There have been a number of interesting applications of the SHE model, including attempts to make predictions based only on physically based estimates of the vegetation, soil and groundwater parameters needed. If this were possible, then it would be important for two reasons. One is that with such a large number of parameters required for each grid square, and very many grid squares, calibration of the individual parameter values required by the model is not really possible (though limited calibration has been tried, e.g. Bathurst, 1986). A second is that, if the model can be shown to perform well using only estimated parameter values, then we might be able to have more belief in predictions of future conditions with, for example, parameters representing changed land use. Some of the earlier applications using SHE were greatly limited by computer time, which meant that the periods of simulations used were relatively short, so that results might have been unduly influenced by the specified pattern initial conditions. Later studies have shown some success in reproducing both discharges and internal state variables (Parkin et al., 1996; Bathurst et al., 2004; Thompson et al., 2004) but it is not yet clear that this type of model has real advantages over other rainfall-runoff models except where highly detailed local data are available (e.g. Ebel and Loague, 2006) and even then it is not clear that the Darcian descriptions of flow in the unsaturated and saturated zones on which these models are based are adequate to describe the complex flow pathways in reality (see Beven, 1989; and discussions in Abbott and Refsgaard, 1996). The model has been extended to include the transport of soluble contaminants, sediment transport and landslides.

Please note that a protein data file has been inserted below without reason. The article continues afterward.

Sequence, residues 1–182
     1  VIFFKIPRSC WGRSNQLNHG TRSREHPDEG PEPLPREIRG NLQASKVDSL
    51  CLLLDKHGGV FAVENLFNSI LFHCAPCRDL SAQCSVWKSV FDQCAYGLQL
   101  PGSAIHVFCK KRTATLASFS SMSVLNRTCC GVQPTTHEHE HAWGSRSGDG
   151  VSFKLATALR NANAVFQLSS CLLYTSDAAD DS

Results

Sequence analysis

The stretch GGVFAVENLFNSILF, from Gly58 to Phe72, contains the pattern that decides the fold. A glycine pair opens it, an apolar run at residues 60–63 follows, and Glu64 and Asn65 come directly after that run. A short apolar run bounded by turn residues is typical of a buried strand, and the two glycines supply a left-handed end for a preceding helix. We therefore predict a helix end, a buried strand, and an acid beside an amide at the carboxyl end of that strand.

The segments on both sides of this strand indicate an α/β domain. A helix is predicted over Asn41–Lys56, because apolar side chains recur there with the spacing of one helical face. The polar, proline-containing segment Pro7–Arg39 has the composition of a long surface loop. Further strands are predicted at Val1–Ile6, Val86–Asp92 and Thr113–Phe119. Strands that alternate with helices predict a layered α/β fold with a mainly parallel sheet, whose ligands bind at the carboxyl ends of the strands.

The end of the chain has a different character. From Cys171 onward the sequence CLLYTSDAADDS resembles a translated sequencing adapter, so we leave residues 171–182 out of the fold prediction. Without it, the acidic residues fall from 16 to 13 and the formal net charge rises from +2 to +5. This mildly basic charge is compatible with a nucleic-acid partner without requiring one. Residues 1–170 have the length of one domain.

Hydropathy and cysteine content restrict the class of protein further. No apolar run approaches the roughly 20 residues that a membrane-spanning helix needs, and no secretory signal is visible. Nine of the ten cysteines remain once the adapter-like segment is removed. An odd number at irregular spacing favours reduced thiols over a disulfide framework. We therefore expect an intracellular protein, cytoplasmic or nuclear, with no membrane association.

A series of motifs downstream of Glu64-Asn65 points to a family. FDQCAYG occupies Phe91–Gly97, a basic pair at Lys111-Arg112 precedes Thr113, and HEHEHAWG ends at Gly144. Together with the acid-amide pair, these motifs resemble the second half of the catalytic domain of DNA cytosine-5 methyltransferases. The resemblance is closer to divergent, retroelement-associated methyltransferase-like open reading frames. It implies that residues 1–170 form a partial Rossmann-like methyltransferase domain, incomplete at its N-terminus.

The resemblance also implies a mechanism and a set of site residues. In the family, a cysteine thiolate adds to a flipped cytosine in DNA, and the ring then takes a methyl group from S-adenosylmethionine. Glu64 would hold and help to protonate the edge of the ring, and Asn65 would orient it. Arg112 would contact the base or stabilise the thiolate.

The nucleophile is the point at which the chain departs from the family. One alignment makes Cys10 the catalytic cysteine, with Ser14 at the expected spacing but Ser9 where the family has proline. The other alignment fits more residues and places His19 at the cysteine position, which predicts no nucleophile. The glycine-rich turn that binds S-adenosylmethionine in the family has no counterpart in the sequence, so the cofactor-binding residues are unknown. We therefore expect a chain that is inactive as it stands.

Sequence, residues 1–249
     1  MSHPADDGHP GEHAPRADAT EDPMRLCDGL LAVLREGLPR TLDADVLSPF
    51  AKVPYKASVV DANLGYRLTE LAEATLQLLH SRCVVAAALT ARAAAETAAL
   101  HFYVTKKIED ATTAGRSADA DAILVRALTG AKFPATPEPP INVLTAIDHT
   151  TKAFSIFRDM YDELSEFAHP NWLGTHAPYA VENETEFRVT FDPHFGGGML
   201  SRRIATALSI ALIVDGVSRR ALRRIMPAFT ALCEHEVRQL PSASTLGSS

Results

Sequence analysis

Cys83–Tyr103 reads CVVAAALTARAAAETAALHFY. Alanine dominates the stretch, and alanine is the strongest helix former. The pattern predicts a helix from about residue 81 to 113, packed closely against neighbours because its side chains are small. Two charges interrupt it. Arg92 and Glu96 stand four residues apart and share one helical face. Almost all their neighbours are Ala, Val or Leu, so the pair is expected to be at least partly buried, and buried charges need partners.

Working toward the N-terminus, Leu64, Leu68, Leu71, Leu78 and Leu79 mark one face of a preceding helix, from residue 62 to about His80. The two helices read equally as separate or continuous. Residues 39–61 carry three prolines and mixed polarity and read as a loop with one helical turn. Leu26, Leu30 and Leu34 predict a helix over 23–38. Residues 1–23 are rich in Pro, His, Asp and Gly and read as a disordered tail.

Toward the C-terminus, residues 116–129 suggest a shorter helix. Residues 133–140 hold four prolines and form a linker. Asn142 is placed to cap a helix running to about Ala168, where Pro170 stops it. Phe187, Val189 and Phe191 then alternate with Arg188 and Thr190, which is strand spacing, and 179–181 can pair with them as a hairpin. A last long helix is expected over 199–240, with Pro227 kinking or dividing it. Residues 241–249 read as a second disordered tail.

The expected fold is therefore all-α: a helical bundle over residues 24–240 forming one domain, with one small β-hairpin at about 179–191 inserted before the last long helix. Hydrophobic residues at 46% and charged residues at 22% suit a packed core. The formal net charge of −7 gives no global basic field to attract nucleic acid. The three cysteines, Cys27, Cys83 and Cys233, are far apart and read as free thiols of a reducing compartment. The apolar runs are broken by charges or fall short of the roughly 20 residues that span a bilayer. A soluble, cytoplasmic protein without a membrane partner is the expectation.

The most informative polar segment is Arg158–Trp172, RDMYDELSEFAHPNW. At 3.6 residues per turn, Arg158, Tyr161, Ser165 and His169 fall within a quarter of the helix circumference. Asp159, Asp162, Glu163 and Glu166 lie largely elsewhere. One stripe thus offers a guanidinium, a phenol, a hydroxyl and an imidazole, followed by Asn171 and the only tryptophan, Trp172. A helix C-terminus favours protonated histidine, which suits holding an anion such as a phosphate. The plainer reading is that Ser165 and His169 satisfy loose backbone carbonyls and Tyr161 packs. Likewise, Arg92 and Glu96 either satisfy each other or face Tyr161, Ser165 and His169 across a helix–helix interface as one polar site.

There are a number of other distributed-based models that do not aim to be as 'physically based' as the SHE model but which were developed to try to take account of the spatial patterns of inputs (including snow) and soil and vegetation characteristics in large catchments. A good example of this is the SLURP model developed by Kite and Kouwen (1992) in Canada where it has been used to model the Mackenzie and other large basins. SLURP is based on the concept of hydrological response units (HRUs) that have similar soil, vegetation and elevation characteristics, and are therefore expected to be similar in their hydrological response. In SLURP a single grid square may contain a number of different HRUs in an arbitrary pattern, with the areas of each being grouped together for calculation purposes. A similar approach, based on hexagonal units, has recently been applied across a range of scales in Russia (Semenova and Vinogradova, 2009). The HRUs can be defined automatically using overlays of GIS and remote sensing information. A somewhat similar approach has been taken with the LISFLOOD model of de Roo et al. (2000). This is now being used operationally at a 5-km grid scale at the European Union Joint Research Centre in Ispra, Italy, as the basis for a European Flood Warning System. The aim is to use ensemble numerical weather prediction (NWP) forecasts from the European Medium Range Weather Forecasting Centre to provide up to 10-day ahead forecasts of potential flood situations for all the major river basins in Europe. As noted in Section 12.8.2 above, a similar gridded approach in the grid-to-grid (G2G) model has been applied nationally at the Centre for Ecology and Hydrology, Wallingford.